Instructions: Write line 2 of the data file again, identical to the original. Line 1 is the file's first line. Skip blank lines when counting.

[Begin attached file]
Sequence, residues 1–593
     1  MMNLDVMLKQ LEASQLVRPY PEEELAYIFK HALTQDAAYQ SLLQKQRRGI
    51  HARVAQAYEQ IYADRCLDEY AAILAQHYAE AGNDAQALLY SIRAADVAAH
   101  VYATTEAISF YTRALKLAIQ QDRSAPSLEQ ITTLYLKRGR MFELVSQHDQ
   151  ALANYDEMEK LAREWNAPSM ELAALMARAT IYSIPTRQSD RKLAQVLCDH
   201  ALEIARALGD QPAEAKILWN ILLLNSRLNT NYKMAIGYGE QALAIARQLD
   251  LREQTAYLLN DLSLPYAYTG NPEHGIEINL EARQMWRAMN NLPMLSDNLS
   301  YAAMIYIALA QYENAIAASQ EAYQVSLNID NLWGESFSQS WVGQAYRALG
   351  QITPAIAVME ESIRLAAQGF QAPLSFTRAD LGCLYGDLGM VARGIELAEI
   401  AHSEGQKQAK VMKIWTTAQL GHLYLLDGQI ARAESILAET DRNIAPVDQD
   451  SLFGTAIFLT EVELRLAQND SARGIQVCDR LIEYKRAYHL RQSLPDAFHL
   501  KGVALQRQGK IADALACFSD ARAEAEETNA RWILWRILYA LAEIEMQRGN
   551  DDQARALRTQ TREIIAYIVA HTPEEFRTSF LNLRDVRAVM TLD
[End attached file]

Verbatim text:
     1  MMNLDVMLKQ LEASQLVRPY PEEELAYIFK HALTQDAAYQ SLLQKQRRGI